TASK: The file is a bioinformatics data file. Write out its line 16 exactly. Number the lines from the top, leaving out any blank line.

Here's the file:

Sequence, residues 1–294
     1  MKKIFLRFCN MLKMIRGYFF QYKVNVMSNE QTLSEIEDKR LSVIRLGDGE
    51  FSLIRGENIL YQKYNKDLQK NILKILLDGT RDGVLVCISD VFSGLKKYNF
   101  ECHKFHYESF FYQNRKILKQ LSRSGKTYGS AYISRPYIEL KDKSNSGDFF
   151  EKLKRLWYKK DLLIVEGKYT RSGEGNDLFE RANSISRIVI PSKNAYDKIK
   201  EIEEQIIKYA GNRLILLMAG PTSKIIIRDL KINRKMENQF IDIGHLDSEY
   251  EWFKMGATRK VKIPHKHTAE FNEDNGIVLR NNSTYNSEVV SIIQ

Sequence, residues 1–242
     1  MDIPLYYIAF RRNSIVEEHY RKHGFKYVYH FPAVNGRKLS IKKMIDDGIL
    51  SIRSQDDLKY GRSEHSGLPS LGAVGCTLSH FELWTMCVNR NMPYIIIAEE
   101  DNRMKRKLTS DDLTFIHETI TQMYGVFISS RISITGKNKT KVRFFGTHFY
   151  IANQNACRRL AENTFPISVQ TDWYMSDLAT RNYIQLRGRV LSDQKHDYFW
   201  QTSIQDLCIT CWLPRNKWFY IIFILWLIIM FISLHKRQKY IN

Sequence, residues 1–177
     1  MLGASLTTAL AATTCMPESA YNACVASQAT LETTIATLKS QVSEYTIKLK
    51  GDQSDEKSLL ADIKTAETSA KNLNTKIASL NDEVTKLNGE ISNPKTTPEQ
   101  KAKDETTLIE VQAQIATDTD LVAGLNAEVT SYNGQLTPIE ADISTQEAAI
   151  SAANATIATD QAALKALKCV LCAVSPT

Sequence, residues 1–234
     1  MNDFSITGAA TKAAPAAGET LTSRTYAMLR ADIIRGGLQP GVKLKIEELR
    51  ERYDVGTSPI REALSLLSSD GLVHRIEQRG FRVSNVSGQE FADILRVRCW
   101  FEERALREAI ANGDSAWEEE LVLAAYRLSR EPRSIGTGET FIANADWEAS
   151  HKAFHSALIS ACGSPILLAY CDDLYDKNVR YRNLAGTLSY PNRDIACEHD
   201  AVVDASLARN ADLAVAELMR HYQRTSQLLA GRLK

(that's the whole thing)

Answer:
    51  GDQSDEKSLL ADIKTAETSA KNLNTKIASL NDEVTKLNGE ISNPKTTPEQ